Lai See

The Philippines is dangerous … because HKers say so

PUBLISHED : Friday, 31 August, 2012, 12:00am
UPDATED : Friday, 31 August, 2012, 3:31am

So, 80 per cent of people surveyed by Democratic Party lawmaker Frederick Li Wah-ming think the government's black travel alert for the Philippines should remain. Fung says this reflects Hongkongers' disenchantment with the Philippine government's response to the hostage incident two years ago when a number of Hong Kong tourists were killed.

This is very likely true. But it ignores the point that the travel alert system is supposed to be an assessment of the risks of travelling to a country. It's not supposed to be a reflection of what Hong Kong thinks about a country.

The government, or rather the previous government, has only itself to blame for this situation. In its search to appease local anger at the hijacking, it made the mistake of using the travel alert system.

In so doing, as we have said before, it has undermined the system. Anyone with half a brain can see that the Philippines is not as dangerous as Syria, which shares the black travel alert. It is irresponsible of politicians to encourage the view that popular sentiment should govern the outbound travel alert system.

A weak connection

The government is coming under pressure to change its plans for building a monorail to link Kai Tak and the new "CBD2" in Kowloon East. It views the monorail as an iconic environmentally friendly form of transport and a tourist attraction. But the proposal has drawn a mixed response from the Harbourfront Commission, the advisory body that oversees the development of the waterfront.

The government has proposed building a nine kilometre monorail with 12 stations at an initial cost of HK$12 billion. Annual operating and maintenance costs have been estimated at HK$23 million per kilometre at 2010 prices.

The project is criticised as being old technology, visually intrusive and noisy, and would split Kai Tak off from the waterfront. In addition, it is expensive and inflexible. It is also questionable as to whether the link could cope with the heavy demand that is expected.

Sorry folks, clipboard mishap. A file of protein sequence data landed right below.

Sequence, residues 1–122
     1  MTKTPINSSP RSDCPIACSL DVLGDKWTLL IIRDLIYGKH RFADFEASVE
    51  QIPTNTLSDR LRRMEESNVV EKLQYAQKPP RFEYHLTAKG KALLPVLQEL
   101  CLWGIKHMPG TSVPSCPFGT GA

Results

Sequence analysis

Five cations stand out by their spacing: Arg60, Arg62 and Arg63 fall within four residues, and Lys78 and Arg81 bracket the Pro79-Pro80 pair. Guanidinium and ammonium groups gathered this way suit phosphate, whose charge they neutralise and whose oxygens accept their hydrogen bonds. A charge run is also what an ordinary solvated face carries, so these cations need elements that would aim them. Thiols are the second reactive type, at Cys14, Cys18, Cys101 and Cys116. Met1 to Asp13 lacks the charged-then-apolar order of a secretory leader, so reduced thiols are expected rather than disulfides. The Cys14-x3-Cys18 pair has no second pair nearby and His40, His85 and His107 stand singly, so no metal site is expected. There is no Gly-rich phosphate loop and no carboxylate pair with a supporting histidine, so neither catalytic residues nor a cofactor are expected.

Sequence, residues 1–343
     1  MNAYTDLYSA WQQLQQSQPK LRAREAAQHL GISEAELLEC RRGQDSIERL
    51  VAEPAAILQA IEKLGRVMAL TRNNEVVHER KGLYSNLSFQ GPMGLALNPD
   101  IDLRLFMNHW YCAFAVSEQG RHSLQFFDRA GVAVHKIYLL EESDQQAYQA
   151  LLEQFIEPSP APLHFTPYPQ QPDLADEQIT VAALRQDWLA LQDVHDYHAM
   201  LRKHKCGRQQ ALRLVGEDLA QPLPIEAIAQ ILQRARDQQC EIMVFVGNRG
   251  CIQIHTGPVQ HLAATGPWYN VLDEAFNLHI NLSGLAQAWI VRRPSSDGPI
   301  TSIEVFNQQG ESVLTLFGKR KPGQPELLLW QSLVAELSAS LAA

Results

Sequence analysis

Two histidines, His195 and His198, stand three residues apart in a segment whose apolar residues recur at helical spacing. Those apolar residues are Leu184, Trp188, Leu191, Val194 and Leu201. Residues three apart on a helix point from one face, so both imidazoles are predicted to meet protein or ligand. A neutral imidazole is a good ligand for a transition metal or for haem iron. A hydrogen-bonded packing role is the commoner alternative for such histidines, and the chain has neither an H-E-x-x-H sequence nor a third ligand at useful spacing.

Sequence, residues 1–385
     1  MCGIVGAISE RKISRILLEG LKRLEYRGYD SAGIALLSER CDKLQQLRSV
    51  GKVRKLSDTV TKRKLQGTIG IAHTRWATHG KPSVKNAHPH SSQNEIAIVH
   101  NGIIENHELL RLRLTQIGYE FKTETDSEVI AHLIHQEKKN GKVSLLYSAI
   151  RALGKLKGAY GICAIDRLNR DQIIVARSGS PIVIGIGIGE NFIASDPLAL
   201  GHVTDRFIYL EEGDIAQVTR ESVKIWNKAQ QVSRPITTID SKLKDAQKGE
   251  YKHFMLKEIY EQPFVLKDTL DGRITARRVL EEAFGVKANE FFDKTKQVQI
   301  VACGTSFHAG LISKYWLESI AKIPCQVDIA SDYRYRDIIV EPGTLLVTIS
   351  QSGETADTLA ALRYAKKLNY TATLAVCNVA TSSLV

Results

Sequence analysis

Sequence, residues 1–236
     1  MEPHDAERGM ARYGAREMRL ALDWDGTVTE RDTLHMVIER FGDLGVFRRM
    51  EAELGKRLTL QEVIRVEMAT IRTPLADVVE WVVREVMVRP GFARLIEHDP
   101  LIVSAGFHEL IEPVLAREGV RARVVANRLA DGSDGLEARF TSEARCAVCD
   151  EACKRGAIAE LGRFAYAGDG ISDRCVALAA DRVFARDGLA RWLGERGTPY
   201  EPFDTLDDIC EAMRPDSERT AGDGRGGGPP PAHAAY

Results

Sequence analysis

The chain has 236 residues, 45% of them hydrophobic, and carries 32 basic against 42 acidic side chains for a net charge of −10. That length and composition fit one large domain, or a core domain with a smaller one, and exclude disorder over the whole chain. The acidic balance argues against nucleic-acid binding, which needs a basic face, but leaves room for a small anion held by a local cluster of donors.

In any case, the monorail will not be ready next year when the cruise ship terminal starts operations catering to ships with capacities of 2,000 to 3,000 passengers, and in some cases more. Even though the monorail would link up with existing MTR stations, it is not thought capable of moving enough people out of the area to shopping districts such as Tsim Sha Tsui.

We understand that KMB is in discussions with the government over providing an alternative, possibly using electric or hybrid buses.

Idle chatter

A story has been brought to our attention that Samsung paid the US$1 billion it was ordered to pay to Apple in the recent patent lawsuit by sending more than 30 trucks to Apple's headquarters loaded with 5-cent coins.

This story went, as they say, "viral" and it took The Guardian newspaper to pour cold water on it by pointing out that the judge hasn't delivered his ruling yet and Samsung could end up paying more the US$1 billion. Others pointed out that it would require 2,755 18-wheeler trucks to deliver that many coins.

The distressing part is that a story like this attracts attention regardless of whether it is true. The other day Twitter was in turmoil over a lion that was said to be roaming around Essex in England. It prompted the joke "had he no pride". This story turned out to be untrue. So we have another example of a tremendous fuss over nothing.

Clearly the internet is a wonderful thing but this nonsense on Twitter and Facebook with people plaguing us with worthless stories and brooding online whether they should order a cappuccino or a latte, or telling us they are having a "bad day", is absurd. Why is it that just merely "connecting" attracting "followers", "likes" and "dislikes" is apparently valued more than what is actually being communicated? Our thinking is rather old fashioned but so be it.

Small is beautiful

More cheerful news. Financial News reports that investment banking staff at some of the largest banks have fallen by 10,000 over the past 12 months, as they look for ways to mitigate the effects of increased costs and declining revenues. In an analysis of seven big investment banks that have published their second-quarter results, global headcount fell from 166,864 in June last year to 157,659 in June this year, a drop of 5.5 per cent.